Bennett was a moving force in initiating a campaign to get digital hearing aids introduced. One of his two sisters was profoundly deaf, and working together with the RNID, he and McDonagh fought to establish the system's widespread use, and to destigmatise deafness.

In 2003, he moved on to working for the GMB union on its campaigns, then for the Labour Party. He failed to be selected for a parliamentary seat; but in 2005 was elected to Lambeth Council, serving for several years as a cabinet member responsible for several portfolios. "I had entered politics," he said simply, "to help people."

He became Mayor of Lambeth in 2013, throwing himself into the role, showing enthusiasm for everything that he was asked to do. Duties ranged from welcoming the Queen and the Duke of Edinburgh to the National Theatre, to launching a new Scout and Guide unit at the Evelina London Children's Hospital. Particularly close to his heart was the support he gave to The Trussell Trust which runs food banks across London.

His love of history was often reflected in speeches and articles, as was his exuberance as shown in his description of this year's London New Year's Parade: "Giving out oranges, rain dampened robes but not spirits."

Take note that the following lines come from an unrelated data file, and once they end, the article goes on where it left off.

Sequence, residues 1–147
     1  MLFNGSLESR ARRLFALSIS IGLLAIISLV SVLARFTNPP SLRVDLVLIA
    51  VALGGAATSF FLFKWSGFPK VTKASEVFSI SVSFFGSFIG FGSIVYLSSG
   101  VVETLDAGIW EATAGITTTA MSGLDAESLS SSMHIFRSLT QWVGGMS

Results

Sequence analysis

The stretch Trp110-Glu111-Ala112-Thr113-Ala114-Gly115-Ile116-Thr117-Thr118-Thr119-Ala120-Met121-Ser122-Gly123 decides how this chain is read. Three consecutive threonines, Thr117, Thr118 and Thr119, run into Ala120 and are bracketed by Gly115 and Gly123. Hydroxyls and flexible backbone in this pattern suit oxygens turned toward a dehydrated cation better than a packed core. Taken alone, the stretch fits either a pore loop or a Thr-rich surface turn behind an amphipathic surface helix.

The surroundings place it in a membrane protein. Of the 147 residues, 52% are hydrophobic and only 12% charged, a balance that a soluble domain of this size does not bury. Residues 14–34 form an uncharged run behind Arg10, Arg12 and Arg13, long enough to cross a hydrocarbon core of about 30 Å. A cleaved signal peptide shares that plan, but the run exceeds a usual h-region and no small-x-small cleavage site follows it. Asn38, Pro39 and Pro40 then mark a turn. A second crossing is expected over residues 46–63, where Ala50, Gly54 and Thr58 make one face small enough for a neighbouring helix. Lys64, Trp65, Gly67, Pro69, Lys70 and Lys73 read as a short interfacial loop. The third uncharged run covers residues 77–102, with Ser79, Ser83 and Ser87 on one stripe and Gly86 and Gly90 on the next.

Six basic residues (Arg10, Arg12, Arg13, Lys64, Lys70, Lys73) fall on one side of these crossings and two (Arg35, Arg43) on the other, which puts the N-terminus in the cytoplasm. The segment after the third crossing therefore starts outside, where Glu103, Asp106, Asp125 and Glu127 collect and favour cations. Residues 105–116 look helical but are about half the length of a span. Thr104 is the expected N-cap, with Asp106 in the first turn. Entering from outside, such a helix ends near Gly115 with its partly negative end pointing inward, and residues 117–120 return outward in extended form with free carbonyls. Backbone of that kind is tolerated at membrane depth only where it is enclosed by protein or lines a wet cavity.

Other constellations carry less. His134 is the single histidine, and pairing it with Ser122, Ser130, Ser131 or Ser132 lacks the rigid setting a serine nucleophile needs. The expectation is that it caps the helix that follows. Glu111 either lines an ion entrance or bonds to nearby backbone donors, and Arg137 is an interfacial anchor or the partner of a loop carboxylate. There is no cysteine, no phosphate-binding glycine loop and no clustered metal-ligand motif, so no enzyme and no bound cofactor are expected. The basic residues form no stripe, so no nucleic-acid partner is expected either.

Bennett was also a member of the Labour Campaign for Lesbian and Gay Rights; in 2013 he took part in the London Gay Pride Parade wearing his mayoral chains. In November, he took part in a Reclaim Vauxhall walk along the Albert Embankment in south London, the week after a homophobic attack. He was particularly proud and touched to have received a letter from the lesbian and gay rights movement praising him for being a "fantastic LGBT role model in our community".

He owned a dog, Index; welfare of animals was also very important to him, and he sat on the board of the Greek Animal Welfare Fund. Bennett was born and brought up in Berkshire, his parents running the local pub in Crowthorne where he went to the local school. He believed strongly that people should be judged for what they did "at the time and not on their past".

Mark Bennett, politician and campaigner: born Crowthorne, Berkshire 9 July 1969; died London 6 February 2014.

Arts and Entertainment
books
Voices
Caustic she may be, but Joan Rivers is a feminist hero, whether she likes it or not
voicesShe's an inspiration, whether she likes it or not, says Ellen E Jones
Arts and Entertainment
The Doctor and the Dalek meet
tvReview: Doctor Who Into the Dalek more than compensated for last week's nonsensical offering
Sport
Diego Costa
footballEverton 3 Chelsea 6: Diego Costa double has manager purring
PROMOTED VIDEO
Have you tried new the Independent Digital Edition apps?
News
ebooksAn evocation of the conflict through the eyes of those who lived through it
News
Dr Alice Roberts in front of a
peopleAlice Roberts talks about her new book on evolution - and why her early TV work drew flak from (mostly male) colleagues